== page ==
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science fiction in the 21st century
The True Nature of Science Fiction
There are three genres to true science fiction. The first is epitomized by Jules Verne -- that is the introduction of advanced or new science into the present world. All environments except the one are completely within the norm. To achieve this, the author must be able to see beyond the present technology, biology or geology. Verne was writing in the late nineteenth century, so his adventures into submarines, time machines and rockets to the moon were remarkable, as evidenced by the eventual emergence of many of his concepts. The beauty of this format is not only the imagination of the creator, but also the ability to foresee the impact a new science would have on the current environment, whether the new science is secret or public.
The second genre is the introduction of alien races and cultures. This might be done by humans travelling away from earth, as in the Star Trek television and movies series, or by the introduction of an alien race into the present circumstances. An excellent example of the latter would be Heinlein's Stranger in a Strange Land. This allows the author to envision the adaptability of the human race to advances in human technology and alien sciences. It gives us a fresh viewpoint for our present ethics and government.
The third genre would be the complete shift into the future, as exemplified by most of Isaac Azimov's writing and Herbert's Dune series. This perspective allows the author to predict the growth of human nature, biology and civilization, while allowing the writer to admit to the "unchanging" parts of human nature and how they will impact the growth of human beings.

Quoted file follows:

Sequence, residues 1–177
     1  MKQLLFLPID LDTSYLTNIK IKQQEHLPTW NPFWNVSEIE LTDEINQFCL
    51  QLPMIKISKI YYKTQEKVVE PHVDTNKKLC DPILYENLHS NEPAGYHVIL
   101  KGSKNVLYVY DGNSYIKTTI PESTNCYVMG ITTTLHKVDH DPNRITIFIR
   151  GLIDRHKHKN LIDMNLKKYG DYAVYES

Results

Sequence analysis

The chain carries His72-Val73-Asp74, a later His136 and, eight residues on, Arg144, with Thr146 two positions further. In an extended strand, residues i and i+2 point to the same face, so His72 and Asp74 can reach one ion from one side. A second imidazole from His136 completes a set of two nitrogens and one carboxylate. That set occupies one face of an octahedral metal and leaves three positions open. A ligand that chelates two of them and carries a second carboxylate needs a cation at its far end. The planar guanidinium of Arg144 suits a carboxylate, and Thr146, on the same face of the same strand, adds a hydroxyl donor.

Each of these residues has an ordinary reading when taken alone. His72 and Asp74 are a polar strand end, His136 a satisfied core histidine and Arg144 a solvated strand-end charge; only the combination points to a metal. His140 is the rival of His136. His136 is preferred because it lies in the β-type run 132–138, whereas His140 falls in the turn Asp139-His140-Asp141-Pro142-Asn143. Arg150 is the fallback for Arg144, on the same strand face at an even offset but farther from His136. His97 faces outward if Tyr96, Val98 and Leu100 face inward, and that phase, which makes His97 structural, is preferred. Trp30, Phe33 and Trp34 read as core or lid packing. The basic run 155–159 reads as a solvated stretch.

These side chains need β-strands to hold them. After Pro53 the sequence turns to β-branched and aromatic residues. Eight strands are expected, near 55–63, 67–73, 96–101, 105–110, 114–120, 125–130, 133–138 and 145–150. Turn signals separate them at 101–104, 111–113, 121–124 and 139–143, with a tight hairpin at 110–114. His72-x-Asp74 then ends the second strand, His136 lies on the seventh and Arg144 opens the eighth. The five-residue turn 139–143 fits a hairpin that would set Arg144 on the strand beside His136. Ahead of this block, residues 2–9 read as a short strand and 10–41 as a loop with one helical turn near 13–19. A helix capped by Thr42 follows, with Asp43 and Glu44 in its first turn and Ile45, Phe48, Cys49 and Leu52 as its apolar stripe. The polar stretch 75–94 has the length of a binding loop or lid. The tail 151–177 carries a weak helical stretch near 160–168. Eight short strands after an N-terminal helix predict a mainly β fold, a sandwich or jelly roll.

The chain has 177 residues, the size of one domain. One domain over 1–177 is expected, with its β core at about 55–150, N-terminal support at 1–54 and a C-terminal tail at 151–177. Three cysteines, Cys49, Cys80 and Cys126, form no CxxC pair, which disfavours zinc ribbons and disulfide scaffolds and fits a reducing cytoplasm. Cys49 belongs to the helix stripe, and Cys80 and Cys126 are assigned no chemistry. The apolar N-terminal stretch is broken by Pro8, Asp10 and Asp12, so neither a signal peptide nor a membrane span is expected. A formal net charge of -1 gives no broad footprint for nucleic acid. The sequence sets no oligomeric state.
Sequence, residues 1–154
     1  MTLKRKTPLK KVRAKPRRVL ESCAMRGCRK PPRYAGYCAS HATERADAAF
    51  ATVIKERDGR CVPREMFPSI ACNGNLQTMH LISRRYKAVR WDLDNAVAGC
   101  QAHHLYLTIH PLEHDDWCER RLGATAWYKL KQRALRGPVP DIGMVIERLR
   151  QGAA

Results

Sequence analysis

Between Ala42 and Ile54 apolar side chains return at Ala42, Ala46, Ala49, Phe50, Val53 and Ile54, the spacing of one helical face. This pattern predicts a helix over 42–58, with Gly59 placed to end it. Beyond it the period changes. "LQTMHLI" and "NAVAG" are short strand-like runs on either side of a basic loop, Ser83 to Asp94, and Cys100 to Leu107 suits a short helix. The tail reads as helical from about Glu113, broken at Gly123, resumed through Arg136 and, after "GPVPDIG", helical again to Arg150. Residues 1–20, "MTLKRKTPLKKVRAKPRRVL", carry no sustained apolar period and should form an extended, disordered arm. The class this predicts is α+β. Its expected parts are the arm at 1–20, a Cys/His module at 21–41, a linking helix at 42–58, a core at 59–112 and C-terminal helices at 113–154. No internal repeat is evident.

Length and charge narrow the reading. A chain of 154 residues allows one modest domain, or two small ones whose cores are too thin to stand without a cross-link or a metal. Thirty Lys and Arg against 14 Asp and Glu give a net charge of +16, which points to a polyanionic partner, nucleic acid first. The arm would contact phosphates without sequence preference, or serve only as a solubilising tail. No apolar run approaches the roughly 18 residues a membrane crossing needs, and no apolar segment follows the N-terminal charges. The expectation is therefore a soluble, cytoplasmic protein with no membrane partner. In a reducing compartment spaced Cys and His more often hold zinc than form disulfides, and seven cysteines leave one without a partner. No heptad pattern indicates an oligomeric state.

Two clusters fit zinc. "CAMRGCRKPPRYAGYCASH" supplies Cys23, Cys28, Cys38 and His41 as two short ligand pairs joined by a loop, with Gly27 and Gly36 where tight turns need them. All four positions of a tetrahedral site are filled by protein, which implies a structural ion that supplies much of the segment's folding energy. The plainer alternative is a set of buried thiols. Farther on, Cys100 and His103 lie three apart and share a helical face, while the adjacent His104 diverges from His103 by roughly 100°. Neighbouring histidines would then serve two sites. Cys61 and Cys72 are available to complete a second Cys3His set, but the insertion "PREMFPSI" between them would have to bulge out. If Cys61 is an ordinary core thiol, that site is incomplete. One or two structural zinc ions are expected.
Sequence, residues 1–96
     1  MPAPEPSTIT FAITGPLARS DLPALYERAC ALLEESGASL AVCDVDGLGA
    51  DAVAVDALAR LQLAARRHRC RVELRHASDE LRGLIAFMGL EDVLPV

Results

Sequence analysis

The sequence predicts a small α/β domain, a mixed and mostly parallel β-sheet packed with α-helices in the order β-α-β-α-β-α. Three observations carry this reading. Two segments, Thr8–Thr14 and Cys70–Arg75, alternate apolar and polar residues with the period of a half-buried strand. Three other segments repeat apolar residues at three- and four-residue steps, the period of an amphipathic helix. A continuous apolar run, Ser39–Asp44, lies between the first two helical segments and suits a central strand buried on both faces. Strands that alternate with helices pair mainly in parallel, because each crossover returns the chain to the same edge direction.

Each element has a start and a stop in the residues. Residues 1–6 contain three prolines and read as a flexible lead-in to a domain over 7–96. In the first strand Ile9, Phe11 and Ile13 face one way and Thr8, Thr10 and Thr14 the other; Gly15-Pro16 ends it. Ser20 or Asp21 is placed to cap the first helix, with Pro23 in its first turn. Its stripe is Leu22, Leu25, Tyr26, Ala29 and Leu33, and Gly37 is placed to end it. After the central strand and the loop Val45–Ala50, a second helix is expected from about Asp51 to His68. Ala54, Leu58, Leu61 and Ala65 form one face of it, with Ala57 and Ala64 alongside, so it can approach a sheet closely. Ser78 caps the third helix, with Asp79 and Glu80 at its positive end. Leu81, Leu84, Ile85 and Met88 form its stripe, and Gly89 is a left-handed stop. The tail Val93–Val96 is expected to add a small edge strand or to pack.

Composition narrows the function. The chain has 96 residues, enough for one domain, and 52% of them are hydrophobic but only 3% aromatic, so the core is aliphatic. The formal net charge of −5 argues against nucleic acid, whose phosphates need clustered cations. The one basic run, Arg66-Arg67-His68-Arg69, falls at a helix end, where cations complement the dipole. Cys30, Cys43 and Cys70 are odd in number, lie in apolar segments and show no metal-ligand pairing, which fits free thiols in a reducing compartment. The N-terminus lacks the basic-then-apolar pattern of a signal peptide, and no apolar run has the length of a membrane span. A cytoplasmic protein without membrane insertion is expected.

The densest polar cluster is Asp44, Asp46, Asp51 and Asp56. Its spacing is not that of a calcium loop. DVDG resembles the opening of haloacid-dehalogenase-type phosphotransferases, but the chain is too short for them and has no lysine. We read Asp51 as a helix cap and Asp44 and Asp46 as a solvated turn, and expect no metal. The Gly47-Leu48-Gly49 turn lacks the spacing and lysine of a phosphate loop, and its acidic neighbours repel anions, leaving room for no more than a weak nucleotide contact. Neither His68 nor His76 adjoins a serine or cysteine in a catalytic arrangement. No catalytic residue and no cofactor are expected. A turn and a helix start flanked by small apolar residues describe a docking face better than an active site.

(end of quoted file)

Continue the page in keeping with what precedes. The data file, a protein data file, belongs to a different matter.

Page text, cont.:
A possible fourth genre would be time travel, since this might slide the observer into any of the three given genres. But again one would need to recognize actual human nature and possible impacts of the time travel experience.
Please note that at no time do I refer to dwarves, pixies or gladiators. Fantasy is fine and has its place in entertainment, but it is not science fiction; rather it is pure fiction. With all due respect to JRR Tolkein and Lewis Carroll, these do not challenge the imagination of the scientist.
In as late as the 1930s, science fiction was the stuff of dime novels. By the 1960s, the genre started to gain respect among literature reviewers, and the introduction of televised science fiction widened the audience. Now we have The Matrix and 2010: A Space Odyssey. With popularity comes knock-offs and it is now more difficult than ever to find a medium for science fiction with integrity. But it does exist, and has become more and more challenging to read.